In his third book, Teacher Man, McCourt offered a bleak summary of his life: “I was born in New York and taken to Ireland before I was four. I had three brothers. My father, an alcoholic, wild man, great patriot, ready always to die for Ireland, abandoned us when I was ten going on eleven. A baby sister died, twin boys died, two boys were born. My mother begged for food, clothing, and coal to boil water for the tea… My brothers and I left school at fourteen, worked, dreamed of America, and one by one, sailed away.” It wasn’t just the inherent drama of his life that made Angela’s Ashes such a well-loved book—it was the honesty and humour with which he told his story.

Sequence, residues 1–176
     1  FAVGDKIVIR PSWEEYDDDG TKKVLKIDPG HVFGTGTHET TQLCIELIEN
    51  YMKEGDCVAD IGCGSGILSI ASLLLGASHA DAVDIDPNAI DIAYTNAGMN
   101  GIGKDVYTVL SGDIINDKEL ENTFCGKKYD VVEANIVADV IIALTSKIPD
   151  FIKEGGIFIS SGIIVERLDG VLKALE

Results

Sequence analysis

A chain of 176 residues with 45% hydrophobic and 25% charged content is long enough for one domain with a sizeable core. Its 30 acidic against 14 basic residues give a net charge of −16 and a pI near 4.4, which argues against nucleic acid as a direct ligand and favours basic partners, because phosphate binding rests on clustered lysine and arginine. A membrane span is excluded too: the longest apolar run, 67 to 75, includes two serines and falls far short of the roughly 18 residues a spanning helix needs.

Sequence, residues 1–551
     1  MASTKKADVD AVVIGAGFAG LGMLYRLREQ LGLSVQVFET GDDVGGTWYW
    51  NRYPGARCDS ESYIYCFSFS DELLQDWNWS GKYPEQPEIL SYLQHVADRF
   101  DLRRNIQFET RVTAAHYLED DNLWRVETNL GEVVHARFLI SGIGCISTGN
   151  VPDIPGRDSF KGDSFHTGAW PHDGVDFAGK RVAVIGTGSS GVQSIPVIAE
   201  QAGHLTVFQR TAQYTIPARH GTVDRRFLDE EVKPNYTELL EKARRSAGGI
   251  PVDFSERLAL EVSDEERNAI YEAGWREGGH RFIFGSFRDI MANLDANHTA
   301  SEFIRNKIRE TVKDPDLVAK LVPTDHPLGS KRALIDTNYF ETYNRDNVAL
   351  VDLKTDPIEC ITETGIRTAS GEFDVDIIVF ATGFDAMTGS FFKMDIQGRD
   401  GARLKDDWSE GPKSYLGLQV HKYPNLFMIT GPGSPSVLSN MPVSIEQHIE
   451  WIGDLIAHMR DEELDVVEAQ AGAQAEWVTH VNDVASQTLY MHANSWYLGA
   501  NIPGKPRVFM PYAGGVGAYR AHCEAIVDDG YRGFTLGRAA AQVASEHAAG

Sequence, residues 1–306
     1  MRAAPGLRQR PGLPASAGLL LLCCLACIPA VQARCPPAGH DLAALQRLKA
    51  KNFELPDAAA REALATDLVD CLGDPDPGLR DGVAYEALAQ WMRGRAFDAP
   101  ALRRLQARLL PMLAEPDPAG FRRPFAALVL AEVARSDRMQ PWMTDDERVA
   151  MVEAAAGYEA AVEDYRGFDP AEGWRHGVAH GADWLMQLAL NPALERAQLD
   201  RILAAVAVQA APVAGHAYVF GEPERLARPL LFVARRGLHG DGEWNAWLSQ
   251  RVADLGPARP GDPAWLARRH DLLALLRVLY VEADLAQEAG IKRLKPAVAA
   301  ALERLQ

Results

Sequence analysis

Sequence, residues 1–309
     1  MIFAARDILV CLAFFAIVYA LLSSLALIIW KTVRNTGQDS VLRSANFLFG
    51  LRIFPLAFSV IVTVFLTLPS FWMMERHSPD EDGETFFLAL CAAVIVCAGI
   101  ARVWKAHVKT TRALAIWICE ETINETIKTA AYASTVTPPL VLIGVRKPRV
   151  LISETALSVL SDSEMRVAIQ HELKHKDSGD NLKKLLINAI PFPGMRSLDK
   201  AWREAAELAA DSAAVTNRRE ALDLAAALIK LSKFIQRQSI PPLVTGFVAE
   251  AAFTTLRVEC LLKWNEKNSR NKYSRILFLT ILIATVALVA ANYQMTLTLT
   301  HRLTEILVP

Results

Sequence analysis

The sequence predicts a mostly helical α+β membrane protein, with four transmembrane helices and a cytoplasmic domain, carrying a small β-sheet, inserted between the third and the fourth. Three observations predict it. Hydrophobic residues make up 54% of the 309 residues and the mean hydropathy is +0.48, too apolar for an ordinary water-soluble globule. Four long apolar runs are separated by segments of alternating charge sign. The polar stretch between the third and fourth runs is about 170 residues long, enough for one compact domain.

McCourt never held forth on the craft of writing; and yet, reading his books could teach you more about being a writer than most creative writing 101 classes. In tribute to him, here are five things I learned about writing from his work.